Blog Post by: Parker Hageman
- November 8, 2011 - 9:55 AM
It was a tumultuous first year for Bill Smith as the newly anointed general manager.
He had to face the reality of the face-of-the-franchise Torii Hunter leaving via free agency as well as annual Cy Young candidate Johan Santana making it known that he wanted to play in a larger market – preferably New York. Those were difficult decision for the most novice general manager's, hardly an easy task for someone less than a month into his job. In the first few weeks at the helm, Smith would eventually make two trades that would forever tarnish his reputation in Minnesota in the fan's eyes.
In November 2007, Smith dealt Matt Garza, Jason Bartlett and Eduardo Morlan to the Tampa Bay Rays in exchange for Delmon Young, Brendan Harris and Jason Pridie. In efforts to replace Hunter’s right-handed stick, the Twins purchased the promising but troubled Delmon Young at a high price. Garza would help fortify the Rays rotation while Bartlett would boost the Rays defense in the infield. After receiving 16.2 wins above replacement from Garza and Bartlett, Tampa’s shrewd front office would move the pair for more prospects and useful parts including Sam Fuld, Brandon Guyer, Hak-Ju Lee, Cesar Ramos and Adam Russell. Once the Twins were finished with Young (or rather Young finished with the Twins depending on who you are asking), Smith's bounty was only able to fetch Cole Nelson and Lester Oliveros. All in, the Twins wound up paying over $2 million more in salary for their return as well.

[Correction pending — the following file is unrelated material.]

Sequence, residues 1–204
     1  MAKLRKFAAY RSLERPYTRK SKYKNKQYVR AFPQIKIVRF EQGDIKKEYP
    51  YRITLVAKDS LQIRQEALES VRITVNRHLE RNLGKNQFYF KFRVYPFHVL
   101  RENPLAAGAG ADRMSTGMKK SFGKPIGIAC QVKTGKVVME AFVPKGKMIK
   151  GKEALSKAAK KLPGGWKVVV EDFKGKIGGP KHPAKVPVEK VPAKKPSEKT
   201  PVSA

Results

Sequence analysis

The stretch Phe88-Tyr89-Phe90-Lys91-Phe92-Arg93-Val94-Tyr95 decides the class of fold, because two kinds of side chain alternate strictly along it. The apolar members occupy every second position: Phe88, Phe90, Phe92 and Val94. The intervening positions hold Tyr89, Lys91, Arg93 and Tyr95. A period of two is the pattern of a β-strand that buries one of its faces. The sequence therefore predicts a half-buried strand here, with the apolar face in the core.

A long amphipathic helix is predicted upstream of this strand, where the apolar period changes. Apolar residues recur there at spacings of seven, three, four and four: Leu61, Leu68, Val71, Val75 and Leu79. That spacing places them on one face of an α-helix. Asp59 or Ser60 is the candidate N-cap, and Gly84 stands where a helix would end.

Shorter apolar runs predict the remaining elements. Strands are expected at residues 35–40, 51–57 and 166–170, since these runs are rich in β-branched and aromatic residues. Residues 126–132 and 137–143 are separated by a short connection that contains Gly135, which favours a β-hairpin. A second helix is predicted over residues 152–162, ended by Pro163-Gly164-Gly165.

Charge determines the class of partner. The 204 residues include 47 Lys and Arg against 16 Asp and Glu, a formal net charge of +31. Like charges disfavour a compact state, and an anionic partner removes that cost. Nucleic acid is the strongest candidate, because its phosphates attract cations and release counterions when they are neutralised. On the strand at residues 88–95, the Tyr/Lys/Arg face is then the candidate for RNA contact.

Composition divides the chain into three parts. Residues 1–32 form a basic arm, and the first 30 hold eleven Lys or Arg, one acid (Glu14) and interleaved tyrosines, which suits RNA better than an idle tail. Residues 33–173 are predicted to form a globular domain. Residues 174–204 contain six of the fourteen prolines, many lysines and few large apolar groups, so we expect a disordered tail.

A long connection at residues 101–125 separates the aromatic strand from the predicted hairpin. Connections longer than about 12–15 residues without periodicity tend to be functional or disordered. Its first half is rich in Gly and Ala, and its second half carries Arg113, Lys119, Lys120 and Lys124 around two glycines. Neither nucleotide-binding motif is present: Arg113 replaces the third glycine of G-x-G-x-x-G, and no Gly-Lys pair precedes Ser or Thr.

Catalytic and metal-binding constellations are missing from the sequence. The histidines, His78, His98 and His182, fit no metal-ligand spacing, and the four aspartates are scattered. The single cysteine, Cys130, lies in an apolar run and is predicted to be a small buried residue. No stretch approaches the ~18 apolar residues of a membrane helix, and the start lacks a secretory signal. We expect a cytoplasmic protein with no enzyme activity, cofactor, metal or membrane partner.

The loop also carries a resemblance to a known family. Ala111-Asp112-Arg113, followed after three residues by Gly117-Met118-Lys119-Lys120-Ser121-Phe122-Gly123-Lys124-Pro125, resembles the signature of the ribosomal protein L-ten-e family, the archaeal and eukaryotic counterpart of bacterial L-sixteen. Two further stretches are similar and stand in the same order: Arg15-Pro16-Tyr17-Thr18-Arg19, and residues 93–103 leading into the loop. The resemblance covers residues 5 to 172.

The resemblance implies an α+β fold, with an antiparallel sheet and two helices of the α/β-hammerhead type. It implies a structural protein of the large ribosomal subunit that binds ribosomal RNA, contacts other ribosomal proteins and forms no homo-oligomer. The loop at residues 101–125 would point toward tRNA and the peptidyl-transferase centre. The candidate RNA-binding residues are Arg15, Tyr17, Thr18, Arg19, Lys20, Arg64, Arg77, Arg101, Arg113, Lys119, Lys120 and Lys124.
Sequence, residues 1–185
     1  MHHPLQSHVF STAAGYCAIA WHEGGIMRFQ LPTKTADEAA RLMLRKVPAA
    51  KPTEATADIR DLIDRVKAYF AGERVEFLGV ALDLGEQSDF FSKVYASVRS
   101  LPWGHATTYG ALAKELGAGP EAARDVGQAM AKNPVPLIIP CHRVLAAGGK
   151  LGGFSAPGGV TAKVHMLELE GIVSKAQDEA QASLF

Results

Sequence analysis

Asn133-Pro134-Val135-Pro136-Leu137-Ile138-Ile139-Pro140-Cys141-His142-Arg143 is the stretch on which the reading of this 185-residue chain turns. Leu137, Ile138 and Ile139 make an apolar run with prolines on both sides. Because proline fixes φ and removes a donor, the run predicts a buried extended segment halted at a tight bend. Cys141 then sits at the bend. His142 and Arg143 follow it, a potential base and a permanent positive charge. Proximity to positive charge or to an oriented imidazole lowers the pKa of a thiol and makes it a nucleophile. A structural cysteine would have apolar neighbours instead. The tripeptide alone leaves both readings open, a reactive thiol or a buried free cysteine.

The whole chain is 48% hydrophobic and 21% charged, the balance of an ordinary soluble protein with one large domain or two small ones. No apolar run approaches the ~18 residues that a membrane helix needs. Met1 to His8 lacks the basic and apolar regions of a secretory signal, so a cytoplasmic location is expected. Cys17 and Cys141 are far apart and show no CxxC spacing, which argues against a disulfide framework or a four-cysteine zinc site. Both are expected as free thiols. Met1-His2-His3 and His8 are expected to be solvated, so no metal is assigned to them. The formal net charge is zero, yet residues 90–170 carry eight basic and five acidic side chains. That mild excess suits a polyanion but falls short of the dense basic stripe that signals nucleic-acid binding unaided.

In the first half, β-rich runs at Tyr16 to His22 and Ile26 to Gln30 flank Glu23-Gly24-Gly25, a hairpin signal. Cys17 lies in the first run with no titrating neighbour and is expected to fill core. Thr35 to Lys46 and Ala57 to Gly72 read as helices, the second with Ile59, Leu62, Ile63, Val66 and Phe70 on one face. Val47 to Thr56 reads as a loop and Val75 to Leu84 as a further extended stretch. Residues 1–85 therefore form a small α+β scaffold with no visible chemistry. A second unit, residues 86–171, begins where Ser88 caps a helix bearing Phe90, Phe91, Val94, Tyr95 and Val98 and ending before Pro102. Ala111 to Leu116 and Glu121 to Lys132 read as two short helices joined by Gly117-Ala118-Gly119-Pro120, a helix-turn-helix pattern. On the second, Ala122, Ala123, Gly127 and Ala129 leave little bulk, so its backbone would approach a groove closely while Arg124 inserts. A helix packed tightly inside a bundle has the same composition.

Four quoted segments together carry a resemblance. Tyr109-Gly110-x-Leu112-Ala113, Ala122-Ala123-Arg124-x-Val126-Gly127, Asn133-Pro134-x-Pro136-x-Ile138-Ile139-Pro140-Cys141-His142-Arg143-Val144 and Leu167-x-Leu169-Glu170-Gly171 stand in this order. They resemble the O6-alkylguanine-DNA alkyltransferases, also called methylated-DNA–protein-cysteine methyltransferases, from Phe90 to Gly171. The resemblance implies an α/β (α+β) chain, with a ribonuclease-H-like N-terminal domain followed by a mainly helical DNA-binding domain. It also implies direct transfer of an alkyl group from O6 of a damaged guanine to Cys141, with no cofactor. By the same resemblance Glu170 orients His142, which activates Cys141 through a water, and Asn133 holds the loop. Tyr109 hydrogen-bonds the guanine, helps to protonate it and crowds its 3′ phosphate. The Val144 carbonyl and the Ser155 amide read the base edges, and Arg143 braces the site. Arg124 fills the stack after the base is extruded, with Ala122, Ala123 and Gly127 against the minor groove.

Meanwhile, the Santana trade was a poorly timed, poorly executed deal which is viewed as Smith swapping the cash cow for a pile of beans. While none of the beans amounted to much, Smith did manage to save over $10 million and only lost out on 1.2 WAR (only factoring in 2008 for Santana which would have been his walk year). At the time, reports came in that the Yankees and the Red Sox had better packages ready (with Jacoby Ellsbury and Jon Lester being some of the names bantered around), but both teams ultimately rescinded their offers (if those offers were legit in the first place). Comparatively, Gomez and company seemed like a sheer fleecing by the Mets and Keith Law’s analysis had the Mets coming out on top: